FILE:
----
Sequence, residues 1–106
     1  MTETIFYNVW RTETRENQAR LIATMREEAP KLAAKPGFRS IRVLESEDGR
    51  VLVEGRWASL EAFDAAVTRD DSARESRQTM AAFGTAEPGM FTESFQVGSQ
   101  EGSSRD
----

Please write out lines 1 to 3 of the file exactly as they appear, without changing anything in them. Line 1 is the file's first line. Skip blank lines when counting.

Sequence, residues 1–106
     1  MTETIFYNVW RTETRENQAR LIATMREEAP KLAAKPGFRS IRVLESEDGR
    51  VLVEGRWASL EAFDAAVTRD DSARESRQTM AAFGTAEPGM FTESFQVGSQ